The economics of cow ownership: If the average return on a cow is -64% once you factor in the cost of labour, why do households buy them?

The economics of cow ownership

Udder people’s money

Cattle may be a terrible investment but a decent savings vehicle

Oct 5th 2013 |From the print edition

IN INDIA there are about 280m cows. They produce valuable things—milk, dung and calves. But cattle are expensive to keep. The biggest outlay is food—the average cow consumes fodder worth about 10,000 rupees ($160) a year. Veterinary costs also add up. These expenses are so high that cows are often a poor investment. According to a new and splendidly titled NBER paper, which looks at cow and buffalo ownership in rural areas of northern India, the average return on a cow is -64% once you factor in the cost of labour. If returns on cattle are so bad, why do households buy them? People may not be thinking about economics, of course. Hindus may derive spiritual fulfilment from cow ownership. Households may prefer to produce high-quality milk at home, even if doing so costs more.But the authors suggest that there may also be sound economic reasoning behind cow ownership. According to ICRIER, a think-tank, only 7% of Indian villages have a bank branch. That means people lack a formal savings mechanism for their spare cash. And although there are informal ways to save—joining a local savings club, for example, or simply stuffing money under the mattress—owning a cow may be a better option.

That is because most people find spending easier than saving. Immediate pleasures are easier to grasp than future joys—and so people make spending decisions that they later regret. Economists refer to this as “myopia”. Cows force people not to be myopic. Compared with money held in savings accounts, cattle are illiquid assets. Taking cash from a cow is harder than taking money from an account. As a result, temptation spending is trickier.

The paper has implications for poverty-alleviation strategies and for financial services in developing countries. Aid programmes that try to reduce poverty by distributing livestock may be ineffective at raising incomes, if the returns from owning them are so poor. If cows are used as a means of saving, the spread of mobile banking in places like India will provide another, better option. Even then the problem of temptation spending arises. Dean Karlan, one of the authors, is interested in the idea of “commitment savings accounts”, whereby people forgo their right to withdraw funds until they reach a specified level.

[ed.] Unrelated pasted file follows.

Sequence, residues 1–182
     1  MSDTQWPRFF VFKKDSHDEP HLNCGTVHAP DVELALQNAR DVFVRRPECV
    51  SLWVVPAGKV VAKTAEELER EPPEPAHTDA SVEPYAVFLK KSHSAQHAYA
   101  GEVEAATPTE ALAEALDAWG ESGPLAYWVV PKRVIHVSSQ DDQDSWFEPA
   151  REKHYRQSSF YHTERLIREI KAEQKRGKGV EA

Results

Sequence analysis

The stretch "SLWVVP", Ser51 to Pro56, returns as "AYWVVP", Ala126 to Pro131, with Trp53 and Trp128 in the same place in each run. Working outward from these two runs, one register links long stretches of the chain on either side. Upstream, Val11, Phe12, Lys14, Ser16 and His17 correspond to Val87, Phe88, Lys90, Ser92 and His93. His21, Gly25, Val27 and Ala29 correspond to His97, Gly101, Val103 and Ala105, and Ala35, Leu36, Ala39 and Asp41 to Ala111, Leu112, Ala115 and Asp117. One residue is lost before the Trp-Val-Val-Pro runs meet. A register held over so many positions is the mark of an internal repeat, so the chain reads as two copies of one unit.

About bambooinnovator
Kee Koon Boon (“KB”) is the co-founder and director of HERO Investment Management which provides specialized fund management and investment advisory services to the ARCHEA Asia HERO Innovators Fund (www.heroinnovator.com), the only Asian SMID-cap tech-focused fund in the industry. KB is an internationally featured investor rooted in the principles of value investing for over a decade as a fund manager and analyst in the Asian capital markets who started his career at a boutique hedge fund in Singapore where he was with the firm since 2002 and was also part of the core investment committee in significantly outperforming the index in the 10-year-plus-old flagship Asian fund. He was also the portfolio manager for Asia-Pacific equities at Korea’s largest mutual fund company. Prior to setting up the H.E.R.O. Innovators Fund, KB was the Chief Investment Officer & CEO of a Singapore Registered Fund Management Company (RFMC) where he is responsible for listed Asian equity investments. KB had taught accounting at the Singapore Management University (SMU) as a faculty member and also pioneered the 15-week course on Accounting Fraud in Asia as an official module at SMU. KB remains grateful and honored to be invited by Singapore’s financial regulator Monetary Authority of Singapore (MAS) to present to their top management team about implementing a world’s first fact-based forward-looking fraud detection framework to bring about benefits for the capital markets in Singapore and for the public and investment community. KB also served the community in sharing his insights in writing articles about value investing and corporate governance in the media that include Business Times, Straits Times, Jakarta Post, Manual of Ideas, Investopedia, TedXWallStreet. He had also presented in top investment, banking and finance conferences in America, Italy, Sydney, Cape Town, HK, China. He has trained CEOs, entrepreneurs, CFOs, management executives in business strategy & business model innovation in Singapore, HK and China.

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